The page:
My name is Sven Andersson and I
work as a consultant in embedded
system design, implemented in ASIC
In my spare time I write this blog
and I hope it will inspire others to
learn more about this fantastic field.
I live in Stockholm Sweden and have
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Any piece of IP you create must be compliant with the system that is in place. To ensure compliance, the following must occur:
The interface required by your IP must be determined. The bus to which your custom peripheral will attach must be identified. For example: a. Processor Local Bus (PLB). The PLB provides a high-speed interface between the processor and high-performance peripherals. b. On-chip Peripheral Bus (OPB). The OPB allows processor access to low-speed, low-performance system resources.
Functionality must be implemented and verified. Your custom functionality must be implemented and verified, with awareness that common functionality available from the EDK peripherals library can be reused. Your stand-alone core must be verified. Isolating the core ensures easier debug in the future.
The IP must be imported to EDK. Your peripheral must be copied to an EDK-appropriate directory, and the Platform Specification Format (PSF) interface files (MPD and PAO) must be created, so other EDK tools can recognize your peripheral.
Your peripheral must be added to the processor system created in XPS.
Create or import an user peripheral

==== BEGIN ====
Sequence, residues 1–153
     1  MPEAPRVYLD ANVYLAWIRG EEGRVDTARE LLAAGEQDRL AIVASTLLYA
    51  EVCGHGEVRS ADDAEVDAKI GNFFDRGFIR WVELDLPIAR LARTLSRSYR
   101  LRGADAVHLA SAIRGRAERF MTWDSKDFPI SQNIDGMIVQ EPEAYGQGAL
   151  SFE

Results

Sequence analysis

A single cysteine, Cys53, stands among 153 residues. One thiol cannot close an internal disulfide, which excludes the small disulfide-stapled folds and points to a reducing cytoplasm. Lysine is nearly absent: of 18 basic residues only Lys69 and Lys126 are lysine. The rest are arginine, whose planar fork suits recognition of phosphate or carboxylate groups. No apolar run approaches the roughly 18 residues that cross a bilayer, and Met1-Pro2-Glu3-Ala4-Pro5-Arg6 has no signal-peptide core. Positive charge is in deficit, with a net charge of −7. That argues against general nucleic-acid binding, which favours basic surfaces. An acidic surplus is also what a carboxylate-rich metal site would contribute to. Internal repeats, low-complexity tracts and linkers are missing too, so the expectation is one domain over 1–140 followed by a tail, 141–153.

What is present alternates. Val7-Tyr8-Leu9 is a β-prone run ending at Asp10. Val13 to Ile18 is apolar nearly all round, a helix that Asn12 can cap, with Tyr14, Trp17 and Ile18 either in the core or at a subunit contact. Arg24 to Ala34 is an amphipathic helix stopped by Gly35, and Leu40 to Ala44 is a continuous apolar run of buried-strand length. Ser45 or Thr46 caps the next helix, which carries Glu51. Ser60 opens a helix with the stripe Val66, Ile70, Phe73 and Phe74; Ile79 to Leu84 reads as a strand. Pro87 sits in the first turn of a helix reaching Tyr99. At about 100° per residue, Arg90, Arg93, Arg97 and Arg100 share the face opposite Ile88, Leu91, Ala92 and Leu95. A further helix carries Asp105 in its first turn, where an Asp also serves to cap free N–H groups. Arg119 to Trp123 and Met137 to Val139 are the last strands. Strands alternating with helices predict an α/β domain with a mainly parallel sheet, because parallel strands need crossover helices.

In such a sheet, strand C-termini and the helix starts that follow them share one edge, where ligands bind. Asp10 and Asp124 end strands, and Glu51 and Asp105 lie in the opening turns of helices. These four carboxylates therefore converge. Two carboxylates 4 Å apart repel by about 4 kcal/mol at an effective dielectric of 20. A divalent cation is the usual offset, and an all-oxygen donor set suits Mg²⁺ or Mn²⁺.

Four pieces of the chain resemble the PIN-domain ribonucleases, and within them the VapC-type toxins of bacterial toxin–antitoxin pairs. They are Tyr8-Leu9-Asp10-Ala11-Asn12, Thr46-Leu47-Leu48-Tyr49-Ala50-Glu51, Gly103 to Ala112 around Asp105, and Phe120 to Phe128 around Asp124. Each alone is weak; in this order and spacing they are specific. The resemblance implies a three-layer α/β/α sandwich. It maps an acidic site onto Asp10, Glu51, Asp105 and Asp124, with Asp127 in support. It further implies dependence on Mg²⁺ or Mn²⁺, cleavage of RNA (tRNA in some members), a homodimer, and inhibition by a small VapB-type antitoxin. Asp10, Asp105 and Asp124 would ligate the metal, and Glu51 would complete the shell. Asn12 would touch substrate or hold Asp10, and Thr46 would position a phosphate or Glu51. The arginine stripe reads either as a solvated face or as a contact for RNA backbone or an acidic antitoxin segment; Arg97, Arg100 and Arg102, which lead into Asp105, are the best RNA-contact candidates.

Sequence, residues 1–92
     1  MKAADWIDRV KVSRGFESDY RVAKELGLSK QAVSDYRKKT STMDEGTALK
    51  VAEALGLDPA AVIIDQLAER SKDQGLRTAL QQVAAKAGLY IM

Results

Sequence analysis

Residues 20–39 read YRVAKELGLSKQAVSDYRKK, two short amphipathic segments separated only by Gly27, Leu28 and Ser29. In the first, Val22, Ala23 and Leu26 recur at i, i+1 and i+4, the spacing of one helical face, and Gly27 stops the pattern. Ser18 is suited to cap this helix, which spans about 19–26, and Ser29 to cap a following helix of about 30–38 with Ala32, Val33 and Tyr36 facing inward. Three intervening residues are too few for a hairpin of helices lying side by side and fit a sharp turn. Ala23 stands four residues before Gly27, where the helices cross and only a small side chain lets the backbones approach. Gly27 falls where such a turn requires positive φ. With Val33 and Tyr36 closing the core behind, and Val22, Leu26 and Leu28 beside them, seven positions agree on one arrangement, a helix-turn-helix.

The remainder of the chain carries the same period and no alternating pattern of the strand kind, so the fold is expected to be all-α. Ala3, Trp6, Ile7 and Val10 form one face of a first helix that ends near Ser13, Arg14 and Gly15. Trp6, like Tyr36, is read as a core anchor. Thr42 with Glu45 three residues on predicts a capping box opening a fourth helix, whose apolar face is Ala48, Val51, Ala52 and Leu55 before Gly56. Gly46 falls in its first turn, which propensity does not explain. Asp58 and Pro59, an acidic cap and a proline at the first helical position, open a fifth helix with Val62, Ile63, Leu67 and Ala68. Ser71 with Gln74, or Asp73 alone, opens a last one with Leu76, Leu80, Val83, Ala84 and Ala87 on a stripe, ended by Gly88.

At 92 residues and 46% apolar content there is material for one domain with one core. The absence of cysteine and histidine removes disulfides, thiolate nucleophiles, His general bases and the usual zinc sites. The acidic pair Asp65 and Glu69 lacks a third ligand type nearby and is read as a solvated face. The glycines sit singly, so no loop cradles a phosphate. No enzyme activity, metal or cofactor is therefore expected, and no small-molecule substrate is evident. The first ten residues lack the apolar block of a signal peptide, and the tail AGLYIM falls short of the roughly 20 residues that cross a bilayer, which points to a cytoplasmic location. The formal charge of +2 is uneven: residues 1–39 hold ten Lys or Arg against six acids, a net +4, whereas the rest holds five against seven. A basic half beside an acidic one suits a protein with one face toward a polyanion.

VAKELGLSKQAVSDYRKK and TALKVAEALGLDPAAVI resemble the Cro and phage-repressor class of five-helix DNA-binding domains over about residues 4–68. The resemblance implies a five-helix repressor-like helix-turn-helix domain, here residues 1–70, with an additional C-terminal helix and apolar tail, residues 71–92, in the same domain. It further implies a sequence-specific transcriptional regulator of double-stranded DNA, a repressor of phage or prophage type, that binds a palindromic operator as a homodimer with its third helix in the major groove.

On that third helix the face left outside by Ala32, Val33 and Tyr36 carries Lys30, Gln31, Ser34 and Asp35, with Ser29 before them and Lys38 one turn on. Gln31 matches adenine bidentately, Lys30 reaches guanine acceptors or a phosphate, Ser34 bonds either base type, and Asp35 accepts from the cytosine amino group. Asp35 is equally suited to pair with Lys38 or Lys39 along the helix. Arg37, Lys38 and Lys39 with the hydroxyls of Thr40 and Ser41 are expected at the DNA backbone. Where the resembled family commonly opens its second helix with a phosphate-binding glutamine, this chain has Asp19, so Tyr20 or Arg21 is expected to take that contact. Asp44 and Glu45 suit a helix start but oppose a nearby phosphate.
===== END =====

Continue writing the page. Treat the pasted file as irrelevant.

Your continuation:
One of the key advantages of building an embedded system in an FPGA is the ability to include customer IP and interface that IP to the processor. To start the Create and Import Peripheral Wizard select Hardware->Create or Import Peripheral.
Click the More Info button for more information. We will import an existing peripheral.
We will call our peripheral ETC (the name of the top module) and add a version to the name.
The peripheral is made up of Verilog files (.v).
We will use the ISE project file to define the Verilog source code.
Here are all the verilog source files.
The ETC peripheral will operate as an OPB slave (SOPB) and the OPB interface is already designed and verified. The On-chip Peripheral Bus(OPB) is an IBM standard and is also used in the Power PC processor.
The wizard tries to map the ETC interface names to the standard naming convention for OPB. All the names that don't match have to be manually inserted.
It seems like we are missing some of the optional OPB signals. I have to add these signals to the top module ETC.v. I will add the missing pins and also some parameter statements defining register and memory address ranges. Like this:
In this window we have to select the right parameters defining the address range for registers and memory banks.
Here we define the interrupt signal and the operation of the interrupt.
Congratulations! We have added our peripheral to the current XPS project. Good work.
Here are all files in the pcores directory.
XPS provides an interactive development environment that allows you to specify all aspects of your hardware platform. XPS maintains your hardware platform description in a high-level form, known as the Microprocessor Hardware Specification (MHS) file. The MHS, an editable text file, is the principal source file representing the hardware component of your embedded system. XPS synthesizes the MHS source file into Hardware Description Language (HDL) netlists ready for FPGA place and route.
The MHS File
The MHS file is integral to your design process. It contains all peripherals along with their parameters. The MHS file defines the configuration of the embedded processor system and includes information on the bus architecture, peripherals, processor, connectivity, and address space. For more detailed information on the MHS file, refer to the "Microprocessor Hardware Specification (MHS)" chapter of the Platform Specification Format Reference Manual, available at http://www.xilinx.com/ise/embedded/edk_docs.htm. XPS Project Files